In March 2022, the EU and the U.S. struck an understanding on a revamped Privacy Shield data transfer agreement. The goal?
To allow Europeans’ personal data to flow to the U.S. once again, following the striking of the Privacy Shield agreement in July 2020.
At the time, there were fears data was not safe from access by American agencies once transferred across the Atlantic.
Here’s how we got to this stage.
The End of the Privacy Shield
In December 2020, the Commerce Committee of the U.S. Senate held a hearing on the July 2020 Schrems-II decision, impacting the future of U.S.–EU data flows.
The committee invited five experts to give evidence and respond to the senators’ questions.
Back then, with the invalidation of the Privacy Shield, it was unclear when a new international agreement would come into play.
While we now know it will likely be March 2023, the experts’ 2020 insights were revealing.
The Need for a Data Flow Agreement
The Privacy Shield was the most cost-effective and easy-to-use framework for data-related international trade.
When the Schrems-II decision ended it in 2020, experts and senators stressed the need for a new data flow agreement – soon.
It was particularly urgent to allow small business owners to continue international trade.
After all, they make up over 70% of Privacy Shield certified companies and are essential to the U.S. economy.
At the hearing, James Sullivan, Deputy Assistant Secretary for Services with the International Trade Administration of the U.S. Department of Commerce, said his team was already working with the European Commission to discuss a replacement Privacy Shield.
He noted ongoing all-party talks, including within the OECD, to find common ground on government access restrictions.
Meanwhile, FTC Commissioner Noah Phillips explained the increased legal uncertainty and costs for businesses following the Privacy Shield invalidation.
The key to re-establishing data flows, he said, was in establishing a transparent exchange between legal frameworks around the world, and particularly between Europe and the U.S.
Strong Data Privacy Protections
Victoria Espinel, President and Chief Executive Officer of BSA – The Software Alliance, told the committee that data trade often takes place without consumers being aware of it: perhaps when using email, exchanging HR data or shopping online.
She said consumers should be able to rely on effective and strong data privacy protections. She noted that some level of signals intelligence by governments might be required.
Privacy Shield: an Academic View
Professors Peter Swire and Neil Richards both spoke at the court proceedings leading to the Schrems-II decision. Swire said he believed the U.S. did offer an equivalent level of protection under the Privacy Shield.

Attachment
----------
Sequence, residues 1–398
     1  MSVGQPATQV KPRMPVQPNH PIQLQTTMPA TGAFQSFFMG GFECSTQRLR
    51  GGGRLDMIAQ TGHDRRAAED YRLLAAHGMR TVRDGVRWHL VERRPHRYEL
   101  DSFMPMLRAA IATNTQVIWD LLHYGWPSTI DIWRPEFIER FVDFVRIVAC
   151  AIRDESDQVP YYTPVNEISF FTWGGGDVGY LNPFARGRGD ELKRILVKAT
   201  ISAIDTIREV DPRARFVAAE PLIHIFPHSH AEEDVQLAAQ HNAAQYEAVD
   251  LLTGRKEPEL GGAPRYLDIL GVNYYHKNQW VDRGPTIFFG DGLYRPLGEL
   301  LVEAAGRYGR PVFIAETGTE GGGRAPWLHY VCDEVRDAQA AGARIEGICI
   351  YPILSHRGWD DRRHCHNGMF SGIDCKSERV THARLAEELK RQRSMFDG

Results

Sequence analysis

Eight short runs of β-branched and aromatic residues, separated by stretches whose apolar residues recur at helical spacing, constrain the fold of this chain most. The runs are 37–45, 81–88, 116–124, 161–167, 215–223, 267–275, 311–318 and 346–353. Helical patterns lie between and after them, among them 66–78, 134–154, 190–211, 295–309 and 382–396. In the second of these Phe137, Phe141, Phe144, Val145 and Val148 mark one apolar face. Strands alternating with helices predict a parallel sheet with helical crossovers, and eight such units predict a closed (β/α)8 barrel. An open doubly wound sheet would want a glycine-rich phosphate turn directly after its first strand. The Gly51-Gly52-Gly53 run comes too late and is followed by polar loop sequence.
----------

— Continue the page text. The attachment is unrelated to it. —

Some improvements could be made to individual rights under U.S. surveillance laws, he admitted.
He advocated for a short-term, temporary deal to be approved before the end of the Trump Administration.
This would buy time for a bigger and broader agreement to be negotiated. That could then involve legislative change in the U.S. and possibly in Europe.
Richards encouraged the U.S. to seek an EU adequacy decision, and to initiate both privacy and surveillance law reform.
He said this would be the best solution for U.S. small businesses, creating added value for the economy.
The Schrems-II decision should be seen as an opportunity, he said, giving the U.S. the chance to regain leadership in privacy and data protection.
U.S. Federal Privacy Law
During the Q&A, it was apparent that the development of a U.S. federal privacy law was supported. Many members of the committee thought it should be a priority of the Biden Administration.
It may not solve all challenges, but adopting a strong federal privacy law would send a positive signal to the EU, increasing trust in the U.S.
Richards stressed the current U.S. system of ‘notice and choice’ is no longer adequate. ‘Choice’ is often illusory, he said, and ‘notice’ is often unclear.
Surveillance Reform for Data Flow
Espinel said the way forward was to create a global group of countries that share the same values, in order to reach agreement on what can and cannot be allowed in terms of government access to personal data.
This raised issues of data localization, which some in the EU are for. But senators and experts thought data localization is ineffective in today’s global and digital economy.
Plus, it increases the cost of doing business.
Among like-minded countries, data localization requirements should not be needed.
The recording of the hearing and written evidence of experts is available via the website of the U.S. Senate.
Hot Hot Hot – Executive Order – Start your Privacy Engines
Listen as Dr. K Royal and co-host, Paul Breitbarth distill the various events that comprise the Executive Order (Fact sheet along with the information on the European Commission site), Department of Commerce statement, Department of Justice from the Office of the Attorney General on the Data Protection review Board final rule, and NOYB’s response.
As expected, and TrustArc predicted, those companies who remained in the Privacy Shield will have a transition plan.